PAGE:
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North Huntingdon's easy-to-develop land 'dwindling'

| Sunday, Feb. 24, 2013, 9:00 p.m.

In North Huntingdon, where more than 1,000 new homes have been built during the past decade, the easy-to-develop land isn't gone yet, “but it's dwindling,” township planning director Andrew Blenko said.

“We certainly haven't seen our last development. We're not done,” said Blenko, who serves as township engineer.

Many acres of township land remain undeveloped, but some of it is difficult to develop, and some is used for agriculture.

Since 2000, the township has issued about 1,500 permits for single-family homes. New home construction peaked in 2003 with 176 building permits, Blenko said. Permit numbers began to decline in 2007.

In 2012, building permits were issued for 76 single-family homes, he said.

Census data reflects the building boom, listing the township's population in 2010 at 30,609, an increase from 29,123 in the year 2000.

Blenko attributes fluctuations in the number of building permits during the past decade in part to the recession.

“I think people have had a hard time getting financing,” he said. “I think people have been hesitant to jump up into a bigger home, a more expensive home.”

The township has about two dozen housing developments. The largest are Lincoln Hills with 279 lots, four of them open, and Willow Estates with 211 lots, 64 of them open.

Blenko presented the figures last week to Norwin School Board as an update on the township's development.

“We are very fortunate to have stability and growth in our township,” superintendent William Kerr said.

Norwin School District is composed of North Huntingdon, Irwin, North Irwin and small portions of White Oak and South Versailles.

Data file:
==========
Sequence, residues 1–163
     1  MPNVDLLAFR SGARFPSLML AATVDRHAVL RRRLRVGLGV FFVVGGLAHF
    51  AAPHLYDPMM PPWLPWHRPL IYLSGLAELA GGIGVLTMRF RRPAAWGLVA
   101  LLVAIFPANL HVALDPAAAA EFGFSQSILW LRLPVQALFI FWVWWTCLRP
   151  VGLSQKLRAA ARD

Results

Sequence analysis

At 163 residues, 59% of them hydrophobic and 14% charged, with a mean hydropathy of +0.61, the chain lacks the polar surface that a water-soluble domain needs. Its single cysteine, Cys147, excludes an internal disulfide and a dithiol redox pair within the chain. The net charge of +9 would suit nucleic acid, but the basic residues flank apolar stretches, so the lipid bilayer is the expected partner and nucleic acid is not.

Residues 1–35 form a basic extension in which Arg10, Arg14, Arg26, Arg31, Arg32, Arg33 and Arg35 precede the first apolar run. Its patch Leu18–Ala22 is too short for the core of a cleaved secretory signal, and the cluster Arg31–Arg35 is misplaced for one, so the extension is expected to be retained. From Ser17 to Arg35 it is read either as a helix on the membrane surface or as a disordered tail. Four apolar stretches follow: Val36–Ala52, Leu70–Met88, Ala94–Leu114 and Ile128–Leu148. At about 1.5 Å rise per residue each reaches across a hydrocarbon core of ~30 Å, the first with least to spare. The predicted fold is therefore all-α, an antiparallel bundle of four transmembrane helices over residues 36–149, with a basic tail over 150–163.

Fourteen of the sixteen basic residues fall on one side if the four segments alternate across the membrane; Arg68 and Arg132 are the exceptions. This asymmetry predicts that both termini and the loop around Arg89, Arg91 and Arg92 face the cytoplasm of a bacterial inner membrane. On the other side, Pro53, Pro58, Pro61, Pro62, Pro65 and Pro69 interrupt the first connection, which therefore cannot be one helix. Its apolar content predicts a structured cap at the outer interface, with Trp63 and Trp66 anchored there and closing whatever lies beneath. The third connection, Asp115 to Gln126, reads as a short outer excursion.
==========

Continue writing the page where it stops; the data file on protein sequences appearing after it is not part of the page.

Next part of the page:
An idea for a residential development has been pitched for an area along Barnes Lake Road near Woodridge Estates, Blenko said, but there are no formal plans.

Donato Pasquarelli of Pasquarelli Property Management said the concept is about three months from presentation to the planning commission.

“We're looking at about a 160-new-home development,” said Pasquarelli, who was the developer of Woodridge Estates.

There's still open land in the township, but some of it, particularly along Route 993, is steep and lacks public sewers, Blenko said.

“It represents such a huge obstacle to try and come in to create lots that are buildable,” he said. “That's not to say they'll never develop.”

Historically in the township, agricultural land has been turned into housing plans. Farm land, with its rolling hills, makes for easy development, Blenko said.

“There are certainly still some areas in the township where development would be easy, feasible, easily accomplished,” Blenko said. “But most of the areas are farms where it's agricultural land that's still being farmed. The people who own it are not interested, at least at this time, in turning it into a housing plan.”

Bob Shuster of RWS Custom Homes is the township's only builder-developer, Blenko said, lauding the “cohesive plan” in his work. Other developments have a separate developer and builder.

Shuster's company provided Lincoln Hills, Victoria Estates, Franklin Farms and Knights Landing housing developments, among others. Shuster, a lifelong North Huntingdon resident, estimates the company has built thousands of homes in the township.

Future residential development is crucial, he said, in light of school district costs, including pensions.

Lincoln Hills, the township's largest housing plan, wasn't easy to develop, Shuster said.

Tough land can be developed, he said, but it comes at a cost. Developers also face regulations from the state Department of Environmental Protection and PennDOT, he said.

“If you're willing to move the dirt and do the work, it can be done,” Shuster said. “(It's) not cheap, but it can be done.”

Rossilynne Skena is a staff writer for Trib Total Media. She can be reached at 724-836-6646 or

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